One of the cars that put the British Touring Car Championship on the map has returned to the track at the Adelaide Motorsport Festival.
A restored Vic Lee Motorsport BMW E36 that took Tim Harvey to his only BTCC title in 1992 has logged laps at the Adelaide event, 26 years on from playing a role in the championship’s most controversial title decider in its 60 year history.
It is car that made Harvey and team-mate Steve Soper household names in the UK purely because of one race at Silverstone.
The chassis was actually raced by Soper for all bar the final round of the 1992 BTCC season which saw Harvey take over the rig.
Harvey, Vauxhall’s John Cleland and Toyota’s Will Hoy were all vying for the title, with Cleland in the box seat heading into the final round.
However, fireworks flew in the race as Harvey’s team-mate Soper was spun early which sparked a furious drive through the field in his heavily damaged BMW.
While out of championship contention he came to Harvey’s aid who was fighting Cleland and Hoy in the battle for fourth in the race, but the more importantly the title.
On the penultimate lap Soper muscled his way past Cleland which angered the Scotsman.
Harvey also then managed to squeeze by Cleland at Bridge corner prompting Soper to let him team-mate through to fourth to help his team-mate’s title bid.
It sparked one of the most memorable lines from legendary television commentator Murray Walker, who said, “I’m going for first”, as an angry Cleland was caught by the onboard camera gesticulating wildly.
What followed was a scrap that arguably produced the bedrock for the BTCC’s huge popularity in the mid 1990s and has gone down in folklore.
Cleland dived back underneath Soper at Brooklands which led to contact at Luffield between the pair as Soper reacted, sending the pair out of the race, handing Harvey the title.
The incident produced perhaps the most iconic interviews in BTCC history from a fuming Cleland.
“I just have to say, the man chopped me a couple of times and then takes me straight in to the barriers,” said Cleland at the time on television.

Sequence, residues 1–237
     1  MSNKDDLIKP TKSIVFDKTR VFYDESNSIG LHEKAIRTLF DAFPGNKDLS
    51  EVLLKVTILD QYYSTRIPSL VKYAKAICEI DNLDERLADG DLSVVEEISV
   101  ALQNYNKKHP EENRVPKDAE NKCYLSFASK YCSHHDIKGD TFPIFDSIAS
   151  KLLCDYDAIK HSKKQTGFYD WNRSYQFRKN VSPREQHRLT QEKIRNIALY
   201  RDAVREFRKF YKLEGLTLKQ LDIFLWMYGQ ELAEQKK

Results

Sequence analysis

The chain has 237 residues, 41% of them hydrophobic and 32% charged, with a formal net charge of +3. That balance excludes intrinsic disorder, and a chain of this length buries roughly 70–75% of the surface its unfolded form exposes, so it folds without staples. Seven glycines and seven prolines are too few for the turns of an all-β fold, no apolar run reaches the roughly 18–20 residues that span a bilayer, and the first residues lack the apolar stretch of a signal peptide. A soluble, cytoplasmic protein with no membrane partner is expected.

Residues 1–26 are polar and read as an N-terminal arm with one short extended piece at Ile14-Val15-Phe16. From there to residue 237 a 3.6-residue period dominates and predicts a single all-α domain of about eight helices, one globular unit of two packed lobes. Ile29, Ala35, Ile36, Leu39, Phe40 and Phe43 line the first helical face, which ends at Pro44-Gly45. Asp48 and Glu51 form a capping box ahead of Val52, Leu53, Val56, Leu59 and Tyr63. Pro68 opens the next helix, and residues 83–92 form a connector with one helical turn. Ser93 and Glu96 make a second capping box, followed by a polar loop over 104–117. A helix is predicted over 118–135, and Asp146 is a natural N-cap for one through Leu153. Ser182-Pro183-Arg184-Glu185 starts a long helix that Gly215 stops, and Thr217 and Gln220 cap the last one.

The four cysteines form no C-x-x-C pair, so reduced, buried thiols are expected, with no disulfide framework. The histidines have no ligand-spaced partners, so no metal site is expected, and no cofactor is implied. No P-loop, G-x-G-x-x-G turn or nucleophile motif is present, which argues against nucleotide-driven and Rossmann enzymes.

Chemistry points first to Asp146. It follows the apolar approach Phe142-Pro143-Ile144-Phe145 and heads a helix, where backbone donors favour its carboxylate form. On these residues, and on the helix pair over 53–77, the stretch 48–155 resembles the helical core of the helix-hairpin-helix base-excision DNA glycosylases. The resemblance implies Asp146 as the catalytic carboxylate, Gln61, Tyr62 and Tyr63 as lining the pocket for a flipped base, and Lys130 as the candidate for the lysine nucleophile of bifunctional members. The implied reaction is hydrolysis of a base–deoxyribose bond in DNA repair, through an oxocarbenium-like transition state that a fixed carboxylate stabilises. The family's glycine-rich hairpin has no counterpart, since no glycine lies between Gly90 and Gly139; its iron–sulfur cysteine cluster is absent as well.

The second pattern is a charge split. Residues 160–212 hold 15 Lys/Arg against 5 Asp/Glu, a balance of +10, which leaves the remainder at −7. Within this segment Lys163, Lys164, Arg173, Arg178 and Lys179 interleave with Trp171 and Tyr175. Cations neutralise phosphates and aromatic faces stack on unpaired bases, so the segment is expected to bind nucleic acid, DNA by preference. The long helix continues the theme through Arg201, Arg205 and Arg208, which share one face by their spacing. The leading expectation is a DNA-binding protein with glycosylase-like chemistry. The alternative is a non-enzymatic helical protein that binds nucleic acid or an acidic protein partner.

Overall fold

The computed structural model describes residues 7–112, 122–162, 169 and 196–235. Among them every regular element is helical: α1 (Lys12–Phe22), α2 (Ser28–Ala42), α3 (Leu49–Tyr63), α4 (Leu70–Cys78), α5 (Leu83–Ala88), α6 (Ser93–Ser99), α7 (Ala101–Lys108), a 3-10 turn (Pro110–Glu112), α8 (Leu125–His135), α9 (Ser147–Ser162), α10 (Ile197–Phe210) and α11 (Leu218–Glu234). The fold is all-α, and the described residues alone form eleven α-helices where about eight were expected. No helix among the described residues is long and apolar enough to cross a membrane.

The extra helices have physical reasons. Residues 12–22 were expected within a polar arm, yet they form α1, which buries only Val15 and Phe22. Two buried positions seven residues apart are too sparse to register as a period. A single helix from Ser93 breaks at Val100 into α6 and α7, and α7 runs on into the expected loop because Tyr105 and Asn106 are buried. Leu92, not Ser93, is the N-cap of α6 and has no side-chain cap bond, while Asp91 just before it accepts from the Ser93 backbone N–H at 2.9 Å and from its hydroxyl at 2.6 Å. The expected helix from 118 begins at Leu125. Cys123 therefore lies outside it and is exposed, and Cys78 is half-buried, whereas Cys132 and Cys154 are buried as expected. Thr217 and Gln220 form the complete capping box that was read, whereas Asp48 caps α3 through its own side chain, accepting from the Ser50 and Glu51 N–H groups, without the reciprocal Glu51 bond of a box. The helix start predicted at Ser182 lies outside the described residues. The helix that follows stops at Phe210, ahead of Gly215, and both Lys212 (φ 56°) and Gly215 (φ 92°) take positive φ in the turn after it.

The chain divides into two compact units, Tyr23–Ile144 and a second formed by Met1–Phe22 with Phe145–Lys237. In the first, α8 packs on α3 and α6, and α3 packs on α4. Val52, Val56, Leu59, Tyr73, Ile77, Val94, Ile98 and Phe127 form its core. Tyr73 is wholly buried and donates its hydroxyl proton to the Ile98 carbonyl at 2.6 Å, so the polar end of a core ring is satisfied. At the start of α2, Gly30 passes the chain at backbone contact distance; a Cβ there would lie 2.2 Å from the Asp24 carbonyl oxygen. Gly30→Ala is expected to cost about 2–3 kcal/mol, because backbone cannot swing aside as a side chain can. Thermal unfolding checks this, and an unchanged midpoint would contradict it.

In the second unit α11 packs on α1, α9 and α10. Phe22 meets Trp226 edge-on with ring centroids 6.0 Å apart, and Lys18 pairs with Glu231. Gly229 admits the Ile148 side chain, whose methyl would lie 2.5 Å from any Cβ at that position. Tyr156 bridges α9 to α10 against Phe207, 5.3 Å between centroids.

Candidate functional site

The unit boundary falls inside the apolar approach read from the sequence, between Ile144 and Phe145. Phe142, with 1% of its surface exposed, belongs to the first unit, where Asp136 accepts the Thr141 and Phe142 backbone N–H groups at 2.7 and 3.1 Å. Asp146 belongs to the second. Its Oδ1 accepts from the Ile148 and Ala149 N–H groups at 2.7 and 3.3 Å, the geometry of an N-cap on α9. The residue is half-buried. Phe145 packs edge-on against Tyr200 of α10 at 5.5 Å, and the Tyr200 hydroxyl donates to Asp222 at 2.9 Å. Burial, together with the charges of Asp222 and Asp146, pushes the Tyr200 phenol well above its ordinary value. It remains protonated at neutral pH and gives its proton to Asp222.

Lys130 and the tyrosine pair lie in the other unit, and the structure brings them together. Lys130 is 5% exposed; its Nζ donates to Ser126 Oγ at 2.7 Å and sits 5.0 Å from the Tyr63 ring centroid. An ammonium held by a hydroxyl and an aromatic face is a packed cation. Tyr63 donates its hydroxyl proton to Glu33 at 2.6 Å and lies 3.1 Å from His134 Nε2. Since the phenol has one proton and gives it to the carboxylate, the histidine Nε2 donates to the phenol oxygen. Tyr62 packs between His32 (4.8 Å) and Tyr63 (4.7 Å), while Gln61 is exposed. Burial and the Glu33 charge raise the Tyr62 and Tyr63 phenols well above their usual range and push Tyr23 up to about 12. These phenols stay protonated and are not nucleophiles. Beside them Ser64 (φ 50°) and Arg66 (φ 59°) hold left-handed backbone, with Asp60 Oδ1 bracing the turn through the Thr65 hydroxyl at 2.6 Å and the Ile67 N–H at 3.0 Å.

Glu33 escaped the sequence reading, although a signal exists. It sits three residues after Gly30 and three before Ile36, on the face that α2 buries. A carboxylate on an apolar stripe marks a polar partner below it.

“I mean what are we doing here? Is this stock car racing or is this motorsport?
“He might get away with that in Germany where he might be Mr Superstar. But this is clean – the man is an animal!”
Vic Lee Motorsport and Vauxhall Motorsport protested the incident while both drivers were handed significant fines.
Since that moment the car spent 1993 and 1994 at Team Dynamics, before it headed down under having been purchased by Paul Pickett, who raced the car in the 1995 Australian Super Touring Car Championship.
It was then bought by currently owner Chris Oxley, who is driving the car in Adelaide this weekend, having taken 10 years to restore the car’s engine and paint work. The car is fitted with the original seat used by Soper.
Its Australian owner is fully aware of the car’s memorable moment in 1992 and importance in BTCC history.
“I’ve seen all the videos of that (1992 title decider) moment and It is great (to be apart of that) and it is good to keep cars like this going,” Oxley told Speedcafe.com.
“When I got the car it wasn’t in its original colour so I painted it up and got the sticker kit and rolled that out.
“It is great to drive.
“I go to events like this with it now and I did the Sandown historic last year. This is the first super sprint I have done it but it has been fun.”
According, to the owner its sister car, that was predominantly run by Harvey in 1992 is based in New Zealand.
The BTCC celebrated its 60th anniversary this year.